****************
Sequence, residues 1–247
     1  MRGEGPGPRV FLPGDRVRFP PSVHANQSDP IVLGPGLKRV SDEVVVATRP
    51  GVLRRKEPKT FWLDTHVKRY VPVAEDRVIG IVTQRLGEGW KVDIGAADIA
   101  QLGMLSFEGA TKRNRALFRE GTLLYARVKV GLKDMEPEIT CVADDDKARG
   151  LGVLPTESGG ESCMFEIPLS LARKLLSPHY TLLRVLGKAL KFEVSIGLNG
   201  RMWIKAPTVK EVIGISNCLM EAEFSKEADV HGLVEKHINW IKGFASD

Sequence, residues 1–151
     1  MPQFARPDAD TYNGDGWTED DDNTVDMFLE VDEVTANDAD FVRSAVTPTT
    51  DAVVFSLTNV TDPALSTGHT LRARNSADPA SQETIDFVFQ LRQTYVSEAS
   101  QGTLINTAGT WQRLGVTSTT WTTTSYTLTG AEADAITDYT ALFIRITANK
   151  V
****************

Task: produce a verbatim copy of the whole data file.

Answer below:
Sequence, residues 1–247
     1  MRGEGPGPRV FLPGDRVRFP PSVHANQSDP IVLGPGLKRV SDEVVVATRP
    51  GVLRRKEPKT FWLDTHVKRY VPVAEDRVIG IVTQRLGEGW KVDIGAADIA
   101  QLGMLSFEGA TKRNRALFRE GTLLYARVKV GLKDMEPEIT CVADDDKARG
   151  LGVLPTESGG ESCMFEIPLS LARKLLSPHY TLLRVLGKAL KFEVSIGLNG
   201  RMWIKAPTVK EVIGISNCLM EAEFSKEADV HGLVEKHINW IKGFASD

Sequence, residues 1–151
     1  MPQFARPDAD TYNGDGWTED DDNTVDMFLE VDEVTANDAD FVRSAVTPTT
    51  DAVVFSLTNV TDPALSTGHT LRARNSADPA SQETIDFVFQ LRQTYVSEAS
   101  QGTLINTAGT WQRLGVTSTT WTTTSYTLTG AEADAITDYT ALFIRITANK
   151  V